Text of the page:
Napoli Football club -- which represents the city with the highest unemployment and some of the worst poverty in Italy -- recently paid out a world record 2,000 million lire (1.4 million pounds sterling) for a new player.
GV Naples Bay
LV City of Naples
GV Street scene PAN TO Tenement house (3 shots)
MV & SV PAN Rubbish and refuse bags in street (2 shots)
SV ZOOM OUT TO LV Children playing soccer in square
GV & MV Soccer match in progress
GV PAN & SV PAN Crowds outside Naples stadium (2 shots)
CU Flags and pennants being sold
GVs INTERIOR OF Stadium and crowd (2 shots)
GV PAN Napoli team attack .. Como goalkeeper saves as crowd applaud (3 shots)
CU ZOOM OUT Savoldi in Napoli team photo
SV PAN Savoldi dribbles past two players before losing ball
GVs & SVs People sitting outside houses in slums .. young mothers playing with their children (6 shots)
GV Savoldi scores goal from penalty kick
Initials CL/1626 CL/1700
Script is copyright Reuters Limited. All rights reserved
Background: Napoli Football club -- which represents the city with the highest unemployment and some of the worst poverty in Italy -- recently paid out a world record 2,000 million lire (1.4 million pounds sterling) for a new player.
Even more surprisingly, the player -- 28-year-old Giuseppe Savoldi -- is no Johann Cruyff of P???le. He was merely a rather successful goal-getter for his former club Bologna, and has only once played for the national side.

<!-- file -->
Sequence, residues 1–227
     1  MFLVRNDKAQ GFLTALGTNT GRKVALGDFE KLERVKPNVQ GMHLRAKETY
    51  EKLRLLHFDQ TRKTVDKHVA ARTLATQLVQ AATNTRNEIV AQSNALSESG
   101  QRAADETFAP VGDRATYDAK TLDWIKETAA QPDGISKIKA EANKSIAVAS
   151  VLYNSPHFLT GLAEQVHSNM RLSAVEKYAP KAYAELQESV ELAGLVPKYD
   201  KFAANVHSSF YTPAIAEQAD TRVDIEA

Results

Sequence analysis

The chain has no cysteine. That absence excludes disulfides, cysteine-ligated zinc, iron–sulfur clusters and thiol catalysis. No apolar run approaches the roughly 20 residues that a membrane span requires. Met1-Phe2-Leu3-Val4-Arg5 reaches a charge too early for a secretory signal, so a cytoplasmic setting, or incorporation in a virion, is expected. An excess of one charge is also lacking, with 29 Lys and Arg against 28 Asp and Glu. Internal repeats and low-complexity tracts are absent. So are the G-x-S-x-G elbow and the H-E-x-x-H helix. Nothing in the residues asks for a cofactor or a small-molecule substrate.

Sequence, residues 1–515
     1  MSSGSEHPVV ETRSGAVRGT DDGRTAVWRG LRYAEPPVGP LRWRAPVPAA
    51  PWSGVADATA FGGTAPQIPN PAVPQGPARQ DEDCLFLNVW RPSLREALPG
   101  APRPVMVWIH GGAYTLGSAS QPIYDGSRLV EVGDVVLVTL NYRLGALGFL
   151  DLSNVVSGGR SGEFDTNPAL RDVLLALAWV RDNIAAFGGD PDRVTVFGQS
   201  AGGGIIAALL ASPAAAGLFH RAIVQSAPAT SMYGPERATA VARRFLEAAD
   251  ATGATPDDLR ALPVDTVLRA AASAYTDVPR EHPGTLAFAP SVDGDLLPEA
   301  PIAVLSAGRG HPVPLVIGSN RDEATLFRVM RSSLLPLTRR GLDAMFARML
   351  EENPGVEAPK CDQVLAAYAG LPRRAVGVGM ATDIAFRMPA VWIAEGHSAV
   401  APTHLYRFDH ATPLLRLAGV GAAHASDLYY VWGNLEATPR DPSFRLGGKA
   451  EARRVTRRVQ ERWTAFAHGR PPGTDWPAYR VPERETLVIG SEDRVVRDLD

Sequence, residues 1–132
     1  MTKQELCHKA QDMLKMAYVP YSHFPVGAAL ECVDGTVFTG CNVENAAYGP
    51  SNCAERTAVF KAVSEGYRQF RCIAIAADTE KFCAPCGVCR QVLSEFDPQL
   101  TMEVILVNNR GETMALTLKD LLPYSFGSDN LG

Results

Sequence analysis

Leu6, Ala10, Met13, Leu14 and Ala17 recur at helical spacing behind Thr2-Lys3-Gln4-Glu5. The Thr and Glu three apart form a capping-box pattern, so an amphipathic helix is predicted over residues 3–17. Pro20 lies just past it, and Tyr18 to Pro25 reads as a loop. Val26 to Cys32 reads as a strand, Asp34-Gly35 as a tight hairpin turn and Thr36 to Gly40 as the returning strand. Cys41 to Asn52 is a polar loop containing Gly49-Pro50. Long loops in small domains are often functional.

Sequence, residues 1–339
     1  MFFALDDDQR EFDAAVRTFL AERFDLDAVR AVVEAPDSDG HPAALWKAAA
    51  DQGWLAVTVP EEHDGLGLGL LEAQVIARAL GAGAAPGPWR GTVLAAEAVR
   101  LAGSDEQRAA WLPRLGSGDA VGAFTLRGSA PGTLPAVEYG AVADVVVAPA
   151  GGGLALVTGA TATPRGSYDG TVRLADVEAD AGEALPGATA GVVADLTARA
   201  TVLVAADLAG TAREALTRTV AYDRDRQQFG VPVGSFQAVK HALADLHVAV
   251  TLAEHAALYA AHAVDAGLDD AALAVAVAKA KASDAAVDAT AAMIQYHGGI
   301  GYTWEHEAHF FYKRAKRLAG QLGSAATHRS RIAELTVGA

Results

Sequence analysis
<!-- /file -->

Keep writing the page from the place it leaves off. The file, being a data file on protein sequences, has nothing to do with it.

The extraordinary amount for a player of Savoldi's level is only comprehensible in the light of the enormous importance of football in Italy ... by far the country's most popular sport.
The fans in Naples are fanatical.
It is a city where there are 240,000 unemployed, where the municipal council often does not have enough money to pay its employees, and where the filth in the teeming port's narrow streets make epidemics and ever present danger.
It was one of the centres of Italy's cholera outbreak two years ago and in June alone, this year, there were 108 cases of viral hepatitis.
But despite this, the Napoli Football Club was one of the few clubs that ended last season with a profit.